Costa del Garraf is the tourist name of the Catalan coast, which corresponds to the coast of Baix Llobregat, Garraf County. It is bounded in the north of the Costa de Barcelona and in the south of the Costa Daurada. It runs from the mouth of the Llobregat River to the mouth of the Foix.
The coast is dominated by the mountain range del Garraf in its central part, which reaches the sea and is softened by sandy and very open beaches to the north, to the Llobregat delta, where the facilities of Barcelona airport are located, and to the south to the cities of Sitges, Vilanova i la Geltrú and Cubelles.
The lively beaches and coves of the Costa del Garraf are just one reason to visit the area. The wide variety of its lands (Garraf, Baix Llobregat districts) allows you to enjoy natural spaces such as Garraf Park, villages with a long tradition of tourism, such as Sitges or Vilanova i la Geltrú, heritage of all eras (Gothic, industrial and modernist styles). Here you can also taste delicious local dishes accompanied by Penedès wines and cava.
Costa de Barcelona is the coast of Barcelona, that covers its municipality and San Adria del Besos. Its limits stretch from the mouth of the Besos River to Llobregat. It is bounded in the north of the Costa del Maresme and in the south of the Costa del Garraf.
It is an entirely urban coastline, consisting of two different parts: from Besos to Barceloneta, with beaches for public activities and with all kinds of services, and from Barceloneta to Llobregat, occupied by the facilities of the port of Barcelona.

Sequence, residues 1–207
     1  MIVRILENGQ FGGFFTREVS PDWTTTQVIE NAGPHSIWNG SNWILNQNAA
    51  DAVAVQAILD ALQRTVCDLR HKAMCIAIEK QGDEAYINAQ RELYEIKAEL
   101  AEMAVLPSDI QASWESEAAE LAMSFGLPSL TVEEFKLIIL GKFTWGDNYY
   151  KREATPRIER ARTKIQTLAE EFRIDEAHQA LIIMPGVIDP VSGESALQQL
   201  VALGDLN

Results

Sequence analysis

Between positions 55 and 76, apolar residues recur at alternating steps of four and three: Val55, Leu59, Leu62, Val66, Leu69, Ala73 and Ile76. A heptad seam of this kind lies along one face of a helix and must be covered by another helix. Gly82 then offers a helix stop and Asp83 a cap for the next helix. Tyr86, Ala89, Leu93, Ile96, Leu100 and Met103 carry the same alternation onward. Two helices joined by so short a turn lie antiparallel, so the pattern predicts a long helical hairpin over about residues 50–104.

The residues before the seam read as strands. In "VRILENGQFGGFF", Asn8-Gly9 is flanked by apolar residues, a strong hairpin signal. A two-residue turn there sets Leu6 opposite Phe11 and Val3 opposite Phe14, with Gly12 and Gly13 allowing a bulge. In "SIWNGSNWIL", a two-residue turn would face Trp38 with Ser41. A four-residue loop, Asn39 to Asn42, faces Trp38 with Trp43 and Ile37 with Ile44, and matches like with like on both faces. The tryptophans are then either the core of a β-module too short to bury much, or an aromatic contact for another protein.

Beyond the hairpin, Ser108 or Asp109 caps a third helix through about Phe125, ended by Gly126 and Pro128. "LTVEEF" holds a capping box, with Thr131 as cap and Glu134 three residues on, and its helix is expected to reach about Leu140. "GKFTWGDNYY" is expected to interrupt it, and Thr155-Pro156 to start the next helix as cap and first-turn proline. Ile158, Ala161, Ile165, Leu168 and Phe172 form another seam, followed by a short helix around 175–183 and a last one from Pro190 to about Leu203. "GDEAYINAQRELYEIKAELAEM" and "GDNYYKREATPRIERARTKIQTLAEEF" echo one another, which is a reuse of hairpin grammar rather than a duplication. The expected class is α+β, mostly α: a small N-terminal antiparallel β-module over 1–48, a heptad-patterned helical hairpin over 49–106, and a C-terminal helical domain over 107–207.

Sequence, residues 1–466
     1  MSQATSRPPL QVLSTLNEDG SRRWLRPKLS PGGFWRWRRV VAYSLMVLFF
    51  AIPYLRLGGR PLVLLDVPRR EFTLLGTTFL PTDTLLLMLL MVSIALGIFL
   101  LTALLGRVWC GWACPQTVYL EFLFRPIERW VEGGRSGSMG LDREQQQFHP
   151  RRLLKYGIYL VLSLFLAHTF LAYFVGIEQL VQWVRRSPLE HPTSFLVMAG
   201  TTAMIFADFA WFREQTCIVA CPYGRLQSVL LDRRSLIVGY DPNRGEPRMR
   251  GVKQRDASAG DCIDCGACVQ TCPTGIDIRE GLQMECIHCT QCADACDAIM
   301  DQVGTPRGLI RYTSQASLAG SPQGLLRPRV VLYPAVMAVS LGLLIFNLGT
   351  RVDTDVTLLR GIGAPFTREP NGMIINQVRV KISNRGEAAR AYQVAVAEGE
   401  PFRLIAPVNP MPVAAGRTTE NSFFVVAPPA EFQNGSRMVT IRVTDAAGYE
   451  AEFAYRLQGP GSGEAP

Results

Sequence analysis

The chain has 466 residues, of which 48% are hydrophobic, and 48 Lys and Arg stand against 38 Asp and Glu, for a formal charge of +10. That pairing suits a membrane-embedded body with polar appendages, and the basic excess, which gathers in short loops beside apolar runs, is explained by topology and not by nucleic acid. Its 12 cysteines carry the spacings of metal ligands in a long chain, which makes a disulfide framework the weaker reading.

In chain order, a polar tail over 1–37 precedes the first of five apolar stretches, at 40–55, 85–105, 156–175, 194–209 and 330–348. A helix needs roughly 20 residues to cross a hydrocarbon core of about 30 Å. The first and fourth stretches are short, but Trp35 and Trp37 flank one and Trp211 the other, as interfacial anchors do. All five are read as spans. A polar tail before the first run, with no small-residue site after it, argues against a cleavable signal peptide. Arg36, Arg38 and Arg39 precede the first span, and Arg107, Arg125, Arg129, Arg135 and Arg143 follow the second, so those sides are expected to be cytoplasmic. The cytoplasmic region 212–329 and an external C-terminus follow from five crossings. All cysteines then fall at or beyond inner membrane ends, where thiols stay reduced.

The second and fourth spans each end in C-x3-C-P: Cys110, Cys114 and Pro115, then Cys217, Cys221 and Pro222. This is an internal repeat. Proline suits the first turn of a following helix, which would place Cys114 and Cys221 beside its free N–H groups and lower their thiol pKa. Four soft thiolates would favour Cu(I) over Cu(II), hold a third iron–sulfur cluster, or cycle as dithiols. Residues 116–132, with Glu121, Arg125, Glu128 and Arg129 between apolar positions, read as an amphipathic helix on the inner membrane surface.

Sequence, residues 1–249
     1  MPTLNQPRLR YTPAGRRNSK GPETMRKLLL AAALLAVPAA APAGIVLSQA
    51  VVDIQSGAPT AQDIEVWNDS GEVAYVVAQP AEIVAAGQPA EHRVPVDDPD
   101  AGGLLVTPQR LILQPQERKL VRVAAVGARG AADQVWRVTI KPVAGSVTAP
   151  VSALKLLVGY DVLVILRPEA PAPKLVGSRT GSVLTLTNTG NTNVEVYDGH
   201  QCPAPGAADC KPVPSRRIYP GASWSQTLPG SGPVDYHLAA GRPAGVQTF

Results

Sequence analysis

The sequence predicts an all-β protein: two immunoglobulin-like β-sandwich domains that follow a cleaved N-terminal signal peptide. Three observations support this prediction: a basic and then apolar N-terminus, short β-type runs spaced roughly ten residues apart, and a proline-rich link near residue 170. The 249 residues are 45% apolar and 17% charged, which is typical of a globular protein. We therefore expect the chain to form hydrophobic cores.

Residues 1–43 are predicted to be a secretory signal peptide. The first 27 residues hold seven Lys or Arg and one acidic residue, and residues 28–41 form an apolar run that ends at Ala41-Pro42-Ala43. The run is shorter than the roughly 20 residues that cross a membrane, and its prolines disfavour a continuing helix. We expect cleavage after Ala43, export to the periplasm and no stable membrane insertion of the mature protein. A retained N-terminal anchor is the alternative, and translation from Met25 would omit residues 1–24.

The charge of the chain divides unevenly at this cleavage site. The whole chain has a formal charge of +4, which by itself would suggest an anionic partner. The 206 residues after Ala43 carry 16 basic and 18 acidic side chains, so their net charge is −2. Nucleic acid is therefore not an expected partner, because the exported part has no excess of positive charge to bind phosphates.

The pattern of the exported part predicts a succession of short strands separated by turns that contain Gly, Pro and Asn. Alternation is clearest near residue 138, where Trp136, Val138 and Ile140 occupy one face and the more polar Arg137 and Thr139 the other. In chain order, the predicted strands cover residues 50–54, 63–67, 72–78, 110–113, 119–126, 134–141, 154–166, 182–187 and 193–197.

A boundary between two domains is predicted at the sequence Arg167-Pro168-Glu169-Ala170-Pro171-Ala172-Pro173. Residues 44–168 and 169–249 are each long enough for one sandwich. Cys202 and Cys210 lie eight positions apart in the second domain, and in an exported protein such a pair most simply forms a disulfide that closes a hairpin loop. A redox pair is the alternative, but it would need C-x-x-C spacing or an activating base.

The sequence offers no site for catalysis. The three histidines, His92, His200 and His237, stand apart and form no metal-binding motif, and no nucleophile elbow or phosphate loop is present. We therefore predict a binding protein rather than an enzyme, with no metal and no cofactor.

Believe it or not, until 1992 there were no beaches in Barcelona! And they appeared only thanks to the Barcelona 1992 Olympics, when the city authorities decided to give Barcelona a worthy appearance of an international “Beach city”. Today, there are nine beaches and one water center within the city.
The Costa del Maresme is a stretch of the Catalan coastline that coincides with the coast of the Maresme region and covers a total of 16 municipalities from Montgat to the Tordera estuary. It is bordered in the north by the Costa Brava and in the south by the Costa de Barcelona.
It is a coastal strip stretching between the Mediterranean Sea and the coastal ridge that protects it from the northerly winds. The Maresme Coast is characterized by extensive beaches and golden sands, fishing villages and areas with a long tradition of tourism. Characterized by a mild climate and a Mediterranean landscape, it is a residential and tourist area of the TOP level, which has become the home of many Barcelonians in recent decades.
Main resorts (from south to north):
Costa Brava is a wide strip of the Mediterranean coast that geographically occupies the north of Spain.
Costa Brava is located in the northeast of Catalonia (province of Girona), which is part of the Spanish Kingdom. Costa Brava stretches 210 km from the French border to the Blanes resort town. Borders with Costa del Maresme in the south.
Cliffs and rocks interspersed with picturesque bays and coves are often found on the Costa Brava Mediterranean coast in Spain. The landscape is complemented by the greenery of the Pyrenees pine, fir and pine thickets. Nature reserves occupy 30% of the Costa Brava. Cap de Creus is a natural park with an area of 140 square meters. km, which is located in the eastern part of the Iberian Peninsula and has sea and land zones. The Costa Brava air is saturated with pine aroma and the Mediterranean Sea smell.